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Am Fam Physician. 2021;104(5):526-530

Author disclosure: No relevant financial affiliations.

Case Scenario

I have a patient, K.B., with a three-year history of asthma. The patient's parent is concerned because K.B. wakes every night coughing. The family just moved to an apartment that does not have air conditioning and has received several code violations for a leaking roof and windows. The apartment is located next to two major interstate highways and is 10 miles from a cement factory. Air quality has reached the orange zone several times this month, and pollen levels have been consistently high for several months. I have provided the parent with an Asthma Action Plan and updated K.B.'s medications according to current guidelines. I believe that the environmental factors exacerbate or even cause my patient's condition, so how do I talk with the family about these issues over which they have little or no control? How do I talk with a patient about issues such as air pollution or climate change and their impacts on health?


This case provides an example of how the environment can have significant impacts on the health of our patients. It also illustrates the complex interaction of local, regional, and global environmental harms. The wide scope of environmental threats to human health presents challenges in managing patients who are increasingly affected by climate-related changes, including severe weather events, extreme heat, worsening air quality, increasing allergens, changes in vector ecology, water quality, food and water supply, and environmental degradation.1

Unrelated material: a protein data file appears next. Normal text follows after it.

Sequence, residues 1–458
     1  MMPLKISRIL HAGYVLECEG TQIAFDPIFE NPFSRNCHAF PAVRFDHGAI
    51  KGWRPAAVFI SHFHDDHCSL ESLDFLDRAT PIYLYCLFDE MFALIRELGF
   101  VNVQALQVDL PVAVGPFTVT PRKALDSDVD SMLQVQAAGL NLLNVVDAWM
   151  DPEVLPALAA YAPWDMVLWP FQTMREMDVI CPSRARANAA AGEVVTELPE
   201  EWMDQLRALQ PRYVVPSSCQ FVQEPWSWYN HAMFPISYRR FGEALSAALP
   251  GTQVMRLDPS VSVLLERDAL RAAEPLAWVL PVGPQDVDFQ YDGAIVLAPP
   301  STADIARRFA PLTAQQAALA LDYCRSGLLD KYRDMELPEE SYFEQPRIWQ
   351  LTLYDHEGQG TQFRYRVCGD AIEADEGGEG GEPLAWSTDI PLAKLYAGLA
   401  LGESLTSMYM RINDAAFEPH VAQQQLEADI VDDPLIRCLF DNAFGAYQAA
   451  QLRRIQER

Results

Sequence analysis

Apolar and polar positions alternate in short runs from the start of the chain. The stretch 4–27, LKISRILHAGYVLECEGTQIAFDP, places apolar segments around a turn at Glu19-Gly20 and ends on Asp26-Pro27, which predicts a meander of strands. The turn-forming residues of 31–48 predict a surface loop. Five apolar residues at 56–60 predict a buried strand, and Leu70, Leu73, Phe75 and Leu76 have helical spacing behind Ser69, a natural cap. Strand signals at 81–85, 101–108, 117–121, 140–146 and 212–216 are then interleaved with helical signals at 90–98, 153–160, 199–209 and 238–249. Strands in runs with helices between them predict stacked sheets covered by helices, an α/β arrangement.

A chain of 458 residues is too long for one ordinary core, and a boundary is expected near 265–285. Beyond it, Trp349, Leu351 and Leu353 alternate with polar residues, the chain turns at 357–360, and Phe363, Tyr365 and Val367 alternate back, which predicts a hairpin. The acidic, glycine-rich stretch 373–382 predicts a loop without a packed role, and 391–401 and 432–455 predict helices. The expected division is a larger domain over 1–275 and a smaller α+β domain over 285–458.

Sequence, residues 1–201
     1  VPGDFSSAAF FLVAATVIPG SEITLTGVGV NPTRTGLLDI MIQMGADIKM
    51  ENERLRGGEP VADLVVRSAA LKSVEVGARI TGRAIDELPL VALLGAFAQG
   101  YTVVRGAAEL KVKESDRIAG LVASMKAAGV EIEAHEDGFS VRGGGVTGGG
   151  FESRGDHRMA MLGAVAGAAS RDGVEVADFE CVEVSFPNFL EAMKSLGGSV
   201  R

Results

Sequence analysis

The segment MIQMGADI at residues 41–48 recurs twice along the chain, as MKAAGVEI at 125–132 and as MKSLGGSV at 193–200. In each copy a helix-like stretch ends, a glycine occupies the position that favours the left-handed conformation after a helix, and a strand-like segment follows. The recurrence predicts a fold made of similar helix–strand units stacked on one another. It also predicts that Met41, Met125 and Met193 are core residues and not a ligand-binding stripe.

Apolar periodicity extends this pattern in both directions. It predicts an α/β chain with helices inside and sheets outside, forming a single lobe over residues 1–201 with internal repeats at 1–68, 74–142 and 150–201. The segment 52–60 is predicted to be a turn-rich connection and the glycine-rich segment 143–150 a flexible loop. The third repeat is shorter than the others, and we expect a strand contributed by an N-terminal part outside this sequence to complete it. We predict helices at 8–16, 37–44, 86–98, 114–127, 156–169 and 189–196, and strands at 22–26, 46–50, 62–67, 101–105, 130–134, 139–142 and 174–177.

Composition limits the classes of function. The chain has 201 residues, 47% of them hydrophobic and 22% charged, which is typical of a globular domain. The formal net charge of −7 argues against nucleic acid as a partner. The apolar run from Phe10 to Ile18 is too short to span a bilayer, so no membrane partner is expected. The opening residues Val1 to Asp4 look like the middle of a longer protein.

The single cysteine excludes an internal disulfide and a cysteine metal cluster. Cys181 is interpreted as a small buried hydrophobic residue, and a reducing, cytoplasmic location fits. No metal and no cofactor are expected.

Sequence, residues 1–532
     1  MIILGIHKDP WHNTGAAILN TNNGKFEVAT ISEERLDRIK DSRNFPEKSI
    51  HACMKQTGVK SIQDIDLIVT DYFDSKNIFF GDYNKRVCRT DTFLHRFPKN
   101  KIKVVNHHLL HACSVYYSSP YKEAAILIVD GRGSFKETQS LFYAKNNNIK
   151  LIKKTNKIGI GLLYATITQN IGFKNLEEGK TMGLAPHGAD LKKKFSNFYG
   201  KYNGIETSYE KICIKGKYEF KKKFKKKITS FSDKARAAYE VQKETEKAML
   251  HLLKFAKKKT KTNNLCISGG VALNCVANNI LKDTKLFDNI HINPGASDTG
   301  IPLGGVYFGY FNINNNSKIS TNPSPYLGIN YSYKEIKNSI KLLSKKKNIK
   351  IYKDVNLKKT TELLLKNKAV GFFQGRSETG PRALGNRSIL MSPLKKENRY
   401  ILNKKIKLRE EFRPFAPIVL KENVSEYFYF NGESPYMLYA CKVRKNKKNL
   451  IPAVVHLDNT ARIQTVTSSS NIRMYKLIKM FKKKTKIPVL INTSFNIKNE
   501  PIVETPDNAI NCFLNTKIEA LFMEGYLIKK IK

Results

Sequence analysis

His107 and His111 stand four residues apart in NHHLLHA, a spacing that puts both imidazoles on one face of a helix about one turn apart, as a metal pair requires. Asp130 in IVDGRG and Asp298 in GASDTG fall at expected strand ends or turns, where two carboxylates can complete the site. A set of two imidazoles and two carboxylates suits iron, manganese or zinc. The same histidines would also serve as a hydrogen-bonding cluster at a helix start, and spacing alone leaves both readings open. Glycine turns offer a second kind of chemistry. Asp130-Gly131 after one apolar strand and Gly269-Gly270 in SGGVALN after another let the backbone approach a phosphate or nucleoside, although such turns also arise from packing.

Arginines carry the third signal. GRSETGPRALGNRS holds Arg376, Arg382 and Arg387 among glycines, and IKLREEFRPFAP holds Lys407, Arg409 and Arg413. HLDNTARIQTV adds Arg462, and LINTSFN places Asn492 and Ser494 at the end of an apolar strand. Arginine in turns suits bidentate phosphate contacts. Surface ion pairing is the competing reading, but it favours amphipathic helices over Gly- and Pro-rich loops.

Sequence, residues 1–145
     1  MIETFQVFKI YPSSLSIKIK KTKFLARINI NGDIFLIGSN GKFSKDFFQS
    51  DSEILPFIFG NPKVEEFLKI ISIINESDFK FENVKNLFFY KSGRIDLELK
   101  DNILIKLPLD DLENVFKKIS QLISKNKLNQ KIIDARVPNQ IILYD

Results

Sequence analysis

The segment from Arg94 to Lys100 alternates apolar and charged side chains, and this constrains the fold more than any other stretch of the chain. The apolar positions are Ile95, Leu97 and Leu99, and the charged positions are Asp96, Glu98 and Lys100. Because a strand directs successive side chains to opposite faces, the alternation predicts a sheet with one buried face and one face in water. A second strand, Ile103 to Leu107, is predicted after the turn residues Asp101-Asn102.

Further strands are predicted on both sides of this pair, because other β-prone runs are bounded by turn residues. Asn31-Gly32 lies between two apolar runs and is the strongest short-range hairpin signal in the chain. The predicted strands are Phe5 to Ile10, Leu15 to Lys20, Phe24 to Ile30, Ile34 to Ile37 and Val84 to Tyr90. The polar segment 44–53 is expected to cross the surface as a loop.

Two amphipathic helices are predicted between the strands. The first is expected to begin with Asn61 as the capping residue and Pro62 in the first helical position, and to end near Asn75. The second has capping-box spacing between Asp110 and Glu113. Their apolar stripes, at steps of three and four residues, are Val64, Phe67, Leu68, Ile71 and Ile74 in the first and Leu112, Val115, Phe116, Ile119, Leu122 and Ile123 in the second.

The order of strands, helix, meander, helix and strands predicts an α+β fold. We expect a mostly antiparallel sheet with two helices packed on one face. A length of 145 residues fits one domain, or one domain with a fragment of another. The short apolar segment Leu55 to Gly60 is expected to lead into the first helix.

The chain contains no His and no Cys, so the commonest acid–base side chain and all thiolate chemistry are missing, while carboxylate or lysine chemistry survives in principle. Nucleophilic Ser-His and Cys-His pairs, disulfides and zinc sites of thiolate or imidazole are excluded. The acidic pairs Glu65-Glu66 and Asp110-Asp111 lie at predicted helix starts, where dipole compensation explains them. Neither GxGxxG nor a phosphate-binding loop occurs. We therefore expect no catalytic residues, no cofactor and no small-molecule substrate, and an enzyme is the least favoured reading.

The effects of climate change on individual and entire population health are well established.2,3 Many of these effects, especially those related to disruption of infrastructure, heat, and air pollution, are regional.4 Health harms disproportionately affect children, pregnant people, older adults, and those with limited resources and/or populations who are marginalized who have been disproportionately exposed to unhealthy environments due to a history of discriminatory policies. When wondering whether and how these health impacts should be discussed with a patient, physicians should be knowledgeable about the daily life and circumstances of the patient and trust that patients recognize their family physicians as credible sources of information and support.


Although only limited evidence is available to guide clinicians on broaching discussions about climate change with patients, it can be helpful to remember that health care professionals, including physicians and nurses, have powerful voices and are among the most trusted individuals according to populations surveyed in the United States.5,6 Physicians also have an ethical obligation to discuss climate concerns with their patients7 because climate change has been determined as a health emergency and is identified as the greatest public health threat of our century.8,9 Finally, physicians hesitant to provide advice about environment and health should take solace from data showing that more than three-fourths of the U.S. adult population would support climate solutions if they benefited personal or public health.10,11 A patient-centered approach to such discussions addresses patients' specific health concerns while exploring their receptivity to a larger, climate-informed treatment plan. Table 1 suggests approaches to common physician concerns about conducting climate change conversations in the office setting.1,3,1217